Wlliam Gilmore Simms
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Other versions Edition: 1, Printing: 1 (1842)
Edition: 2, Printing: 1, Volume: 2 (1856)

Charlemont; or, The Pride of the Village

Novel (Romance) | Redfield | 1856

            Early in the morning of 7 November 1825, in the town of Frankfort, KY, a young lawyer named Jereboam O. Beauchamp crept to the house of the state attorney general, Solomon P. Sharp, and stabbed him to death.  The murder was orchestrated to avenge the honor of Anna Cook[1], Beauchamp’s wife, who as a single woman had been seduced, impregnated, and abandoned by Sharp[2].  The event was a national sensation immediately following its discovery and Beauchamp’s capture days later.  Following Cook and Beauchamp’s failed joint suicide attempt and the latter’s subsequent execution, the event has entered the realm of legend and come to be referred to as the “Kentucky Tragedy.” As such, it has inspired a spate of literary treatments from its own time to the present.  Writers such as Thomas Holley Chivers, Edgar Allan Poe, Charles Fenno Hoffman, John Savage, and Robert Penn Warren have all penned works based on these events.  Simms’s own version of the story was originally published in 1842 as a two-volume work titled Beauchampe; or, the Kentucky Tragedy. A Tale of Passion.  Later, in 1856, Simms edited and expanded the work into two separately-titled novels.  The first he called Charlemont; or, the Pride of the Village. A Tale of Kentucky and the second retained the title Beauchampe.  The first volume details the early life of the heroine in her frontier Kentucky village, including her gradual seduction by a pseudonymous Sharp.  As such, this portion of the story is almost entirely fictional.  The second volume, conversely, stays very close to the historical record of the murder and aftermath.

            As early as a 16 August 1841 letter to James Lawson and following close on the heels of his gothic domestic novel Confession, Simms had a draft of the novel that would become Beauchampe underway.  Even at that time, he had the work planned as an anonymous publication to be “one of the ‘Hurdis’ series,” that is, a Border Romance[3].  It was Simms’s custom of the time to publish all of his border series works without definitive authorial attribution.  This was supposedly to bemuse the critics[4], with whom Simms often had a dicey relationship, though John C. Guilds asserts that, in the case of Beauchampe at least, “the ruse misled few.”[5]  How much of the novel had been written by August 1841 is uncertain, but as of 10 September of that year, Simms was already feeling pressure to complete the novel.  He deferred a planned trip to New York at that time, telling Lawson, “I am to finish 'Beauchampe' before I can depart and this may take me until the 1st. or 10th. October.  I am very much behind hand.”[6]  A little over a month later, Simms lamented about Beauchampe, I have been “writing myself half blind & not done yet. It will be the most voluminous of my books.”[7]  Ultimately published as a two-volume novel in the Spring of 1842, the novel’s great size led to Simms’s decision to split it into two separate works in its 1856 Redfield edition.  For this format, Simms edited and expanded the work.  Charlemont was published around 1 March 1856, and Beachampe was issued around 22nd of the same month[8].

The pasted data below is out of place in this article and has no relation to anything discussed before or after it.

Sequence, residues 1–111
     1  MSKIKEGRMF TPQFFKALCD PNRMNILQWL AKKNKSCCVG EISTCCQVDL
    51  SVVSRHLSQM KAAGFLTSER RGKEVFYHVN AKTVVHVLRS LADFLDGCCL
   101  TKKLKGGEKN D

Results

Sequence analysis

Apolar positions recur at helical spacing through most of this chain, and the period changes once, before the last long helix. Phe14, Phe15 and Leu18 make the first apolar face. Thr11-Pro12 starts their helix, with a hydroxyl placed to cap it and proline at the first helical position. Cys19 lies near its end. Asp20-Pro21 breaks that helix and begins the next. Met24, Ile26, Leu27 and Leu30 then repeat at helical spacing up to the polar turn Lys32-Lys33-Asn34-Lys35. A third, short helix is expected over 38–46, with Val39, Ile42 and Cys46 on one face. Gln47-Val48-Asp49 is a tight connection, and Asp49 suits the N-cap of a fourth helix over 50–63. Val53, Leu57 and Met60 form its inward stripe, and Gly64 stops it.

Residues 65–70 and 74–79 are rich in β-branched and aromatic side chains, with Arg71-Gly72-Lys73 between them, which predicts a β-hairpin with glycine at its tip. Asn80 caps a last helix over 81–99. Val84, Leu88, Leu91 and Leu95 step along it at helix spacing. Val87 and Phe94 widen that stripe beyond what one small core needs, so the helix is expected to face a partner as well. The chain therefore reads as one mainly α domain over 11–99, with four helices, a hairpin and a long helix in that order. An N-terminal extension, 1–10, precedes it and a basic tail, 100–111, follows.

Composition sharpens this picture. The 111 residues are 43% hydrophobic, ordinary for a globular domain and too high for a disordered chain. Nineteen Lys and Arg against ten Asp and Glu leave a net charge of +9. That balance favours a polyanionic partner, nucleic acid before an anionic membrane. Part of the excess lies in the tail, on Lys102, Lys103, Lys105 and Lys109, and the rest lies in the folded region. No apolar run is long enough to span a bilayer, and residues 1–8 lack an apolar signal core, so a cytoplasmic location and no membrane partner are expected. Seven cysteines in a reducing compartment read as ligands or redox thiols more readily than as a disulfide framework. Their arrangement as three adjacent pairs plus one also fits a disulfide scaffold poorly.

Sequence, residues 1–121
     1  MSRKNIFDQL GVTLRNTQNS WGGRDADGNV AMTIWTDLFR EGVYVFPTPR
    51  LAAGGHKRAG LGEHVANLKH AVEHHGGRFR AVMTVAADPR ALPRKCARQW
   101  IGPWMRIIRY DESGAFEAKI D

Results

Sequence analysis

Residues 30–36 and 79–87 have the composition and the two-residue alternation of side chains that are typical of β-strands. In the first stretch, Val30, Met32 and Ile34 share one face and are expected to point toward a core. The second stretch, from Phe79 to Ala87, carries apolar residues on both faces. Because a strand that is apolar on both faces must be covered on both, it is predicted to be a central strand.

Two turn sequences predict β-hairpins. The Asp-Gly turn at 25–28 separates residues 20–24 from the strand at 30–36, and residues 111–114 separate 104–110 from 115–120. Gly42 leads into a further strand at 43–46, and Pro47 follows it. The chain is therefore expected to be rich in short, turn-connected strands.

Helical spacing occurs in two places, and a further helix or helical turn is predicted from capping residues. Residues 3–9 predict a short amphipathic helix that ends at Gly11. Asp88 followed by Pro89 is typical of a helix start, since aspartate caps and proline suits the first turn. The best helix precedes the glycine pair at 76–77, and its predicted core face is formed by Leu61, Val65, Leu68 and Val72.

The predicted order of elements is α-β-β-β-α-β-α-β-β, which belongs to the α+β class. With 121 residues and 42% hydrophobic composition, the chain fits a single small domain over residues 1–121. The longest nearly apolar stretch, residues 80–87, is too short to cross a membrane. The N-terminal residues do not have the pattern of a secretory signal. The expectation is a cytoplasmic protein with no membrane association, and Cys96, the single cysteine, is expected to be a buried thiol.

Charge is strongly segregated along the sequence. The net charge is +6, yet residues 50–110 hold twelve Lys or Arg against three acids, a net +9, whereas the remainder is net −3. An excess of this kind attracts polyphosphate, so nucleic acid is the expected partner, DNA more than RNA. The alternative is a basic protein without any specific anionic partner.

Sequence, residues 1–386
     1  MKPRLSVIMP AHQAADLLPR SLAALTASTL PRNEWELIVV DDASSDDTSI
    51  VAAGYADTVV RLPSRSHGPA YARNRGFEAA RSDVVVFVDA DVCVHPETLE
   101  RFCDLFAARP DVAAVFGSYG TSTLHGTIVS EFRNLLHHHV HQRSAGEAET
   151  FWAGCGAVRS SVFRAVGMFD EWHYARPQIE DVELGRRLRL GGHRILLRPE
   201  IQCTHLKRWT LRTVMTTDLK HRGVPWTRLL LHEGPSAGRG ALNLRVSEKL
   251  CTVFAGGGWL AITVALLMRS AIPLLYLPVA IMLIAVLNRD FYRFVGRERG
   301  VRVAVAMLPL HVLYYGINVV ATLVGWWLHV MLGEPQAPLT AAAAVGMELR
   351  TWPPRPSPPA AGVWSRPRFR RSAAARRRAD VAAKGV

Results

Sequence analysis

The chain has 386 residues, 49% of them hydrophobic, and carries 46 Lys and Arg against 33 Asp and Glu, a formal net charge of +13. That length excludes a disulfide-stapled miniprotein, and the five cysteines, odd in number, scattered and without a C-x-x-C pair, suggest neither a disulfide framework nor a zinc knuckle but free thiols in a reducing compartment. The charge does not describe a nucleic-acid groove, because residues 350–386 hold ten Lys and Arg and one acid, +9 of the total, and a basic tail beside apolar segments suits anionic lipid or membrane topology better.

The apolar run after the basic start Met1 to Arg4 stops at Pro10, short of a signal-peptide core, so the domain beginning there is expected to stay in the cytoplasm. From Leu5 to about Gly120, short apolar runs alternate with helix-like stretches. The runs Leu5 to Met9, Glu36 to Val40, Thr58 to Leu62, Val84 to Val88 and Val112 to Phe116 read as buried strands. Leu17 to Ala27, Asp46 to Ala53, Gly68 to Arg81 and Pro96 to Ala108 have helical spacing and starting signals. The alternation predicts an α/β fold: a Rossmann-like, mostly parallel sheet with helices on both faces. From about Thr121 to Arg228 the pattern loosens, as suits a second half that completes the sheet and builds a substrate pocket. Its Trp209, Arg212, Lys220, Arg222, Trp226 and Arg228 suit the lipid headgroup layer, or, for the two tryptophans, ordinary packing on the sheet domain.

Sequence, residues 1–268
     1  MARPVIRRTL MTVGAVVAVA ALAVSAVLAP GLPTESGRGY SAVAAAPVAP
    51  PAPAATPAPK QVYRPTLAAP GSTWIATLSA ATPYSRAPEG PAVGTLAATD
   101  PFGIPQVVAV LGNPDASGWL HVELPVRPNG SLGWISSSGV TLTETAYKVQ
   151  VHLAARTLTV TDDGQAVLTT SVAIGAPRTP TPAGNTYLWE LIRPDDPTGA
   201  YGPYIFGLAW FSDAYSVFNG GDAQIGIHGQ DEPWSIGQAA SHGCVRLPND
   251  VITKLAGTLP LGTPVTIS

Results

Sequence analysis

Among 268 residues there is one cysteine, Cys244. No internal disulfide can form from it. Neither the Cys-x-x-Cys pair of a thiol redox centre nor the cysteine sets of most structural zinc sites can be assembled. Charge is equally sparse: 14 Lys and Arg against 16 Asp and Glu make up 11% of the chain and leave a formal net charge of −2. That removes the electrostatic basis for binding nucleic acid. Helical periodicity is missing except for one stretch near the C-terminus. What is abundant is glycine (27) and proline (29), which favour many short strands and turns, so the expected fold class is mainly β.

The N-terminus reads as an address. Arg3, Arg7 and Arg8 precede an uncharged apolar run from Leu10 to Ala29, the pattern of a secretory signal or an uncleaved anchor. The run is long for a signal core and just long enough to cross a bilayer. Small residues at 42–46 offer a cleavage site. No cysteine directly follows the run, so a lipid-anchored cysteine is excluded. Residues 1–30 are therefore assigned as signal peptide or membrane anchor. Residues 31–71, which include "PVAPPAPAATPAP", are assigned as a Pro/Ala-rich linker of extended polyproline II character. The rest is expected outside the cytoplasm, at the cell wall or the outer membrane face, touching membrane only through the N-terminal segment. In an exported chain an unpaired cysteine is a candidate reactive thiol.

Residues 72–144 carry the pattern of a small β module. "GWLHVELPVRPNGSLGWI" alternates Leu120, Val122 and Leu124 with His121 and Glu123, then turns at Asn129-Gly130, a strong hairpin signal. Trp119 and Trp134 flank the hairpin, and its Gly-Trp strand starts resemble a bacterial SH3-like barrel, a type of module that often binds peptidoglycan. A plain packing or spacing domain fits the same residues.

Both volumes of the 1842 first edition of the novel are bound in plain brown boards with paper labels on the spine.  The title page reads:  BEAUCHAMPE, | OR | THE KENTUCKY TRAGEDY. | A TALE OF PASSION. | [inscribed W.G. Simms] | BY THE AUTHOR OF | ''RICHARD HURDIS,'' ''BORDER BEAGLES,'' ETC. | ''Nor will I be secure | In any confidence of mine own strength; | For such security is oft the mother | Of negligence, and that the occasion | Of unremedy'd ruin.'' | THOS. NABBES—Microcosmus. | IN TWO VOLUMES. | VOL. [I/II] | PHILADELPHIA: | LEA AND BLANCHARD. | 1842.  The Redfield editions of 1856 are both bound in the trademark green boards with gilt stamped spines.  The title page of the first novel reads:  CHARLEMONT | OR | THE PRIDE OF THE VILLAGE | A TALE OF KENTUCKY | BY W. GILMORE SIMMS, ESQ. | AUTHOR OF ''THE PARTISAN'' — ''MELLICHAMPE'' — ''KATHARINE WALTON'' — | ''THE FORAYERS'' — ''THE SCOUT'' — ''WOODCRAFT'' — ''BEAUCHAMPE,'' ETC. | ''Nor will I be secure, | In any confidence of mine own strength, | For such security is oft the mother | Of negligence, and that, the occasion | Of unremedy'd ruin.''Microcosmus — THO. NABBES. | [ouroboros surrounding a burning lamp] | REDFIELD |34 BEEKMAN STREET, NEW YORK | 1856.  The title page of the “sequel” reads:  BEAUCHAMPE | OR | THE KENTUCKY TRAGEDY | A SEQUEL TO CHARLEMONT | BY W. GILMORE SIMMS, ESQ. | AUTHOR OF ''THE PARTISAN'' — ''MELLICHAMPE'' — ''KATHARINE WALTON'' — | ''THE FORAYERS'' — ''THE SCOUT'' — ''WOODCRAFT'' — ''GUY RIVERS,'' ETC. | [tab] ''Maid of Lulan,'' said Fingal, ''white-handed daughter of Grief! a cloud, marked with | streaks of fire, is rolled along thy soul. Look not to that dark-robed moon: look not to those | meteors of Heaven. My gleaming steel is around thee, the terror of thy foes.'' .... | [tab] ''I rose, like a stalking ghost. I pierced the side of Corman-trunas. Nor did Forna- | Bragal escape. She rolled her white bosom in blood. Why, then, daughter of heroes, | didst thou wake my rage?'' — OSSIAN. Cath. Loda. | NEW AND REVISED EDITION | [ouroboros surrounding a burning lamp] | REDFIELD | 34 BEEKMAN STREET, NEW YORK | 1856.

Todd Hagstette

[1] No consistent version of the names exists in the historical record; she is most often referred to in the way we do here, but is also called Anne Cook, Ann Cook, and Anna Cooke.

[2] Sharp denied the paternity.

[3] Letters, 1: 267.

[4] See Letters 1: 299, 316.

[5] Simms: A Literary Life, 164.

[6] Letters, 1: 277.

[7] Letters, 1: 282.

[8] See Letters 3: 366n.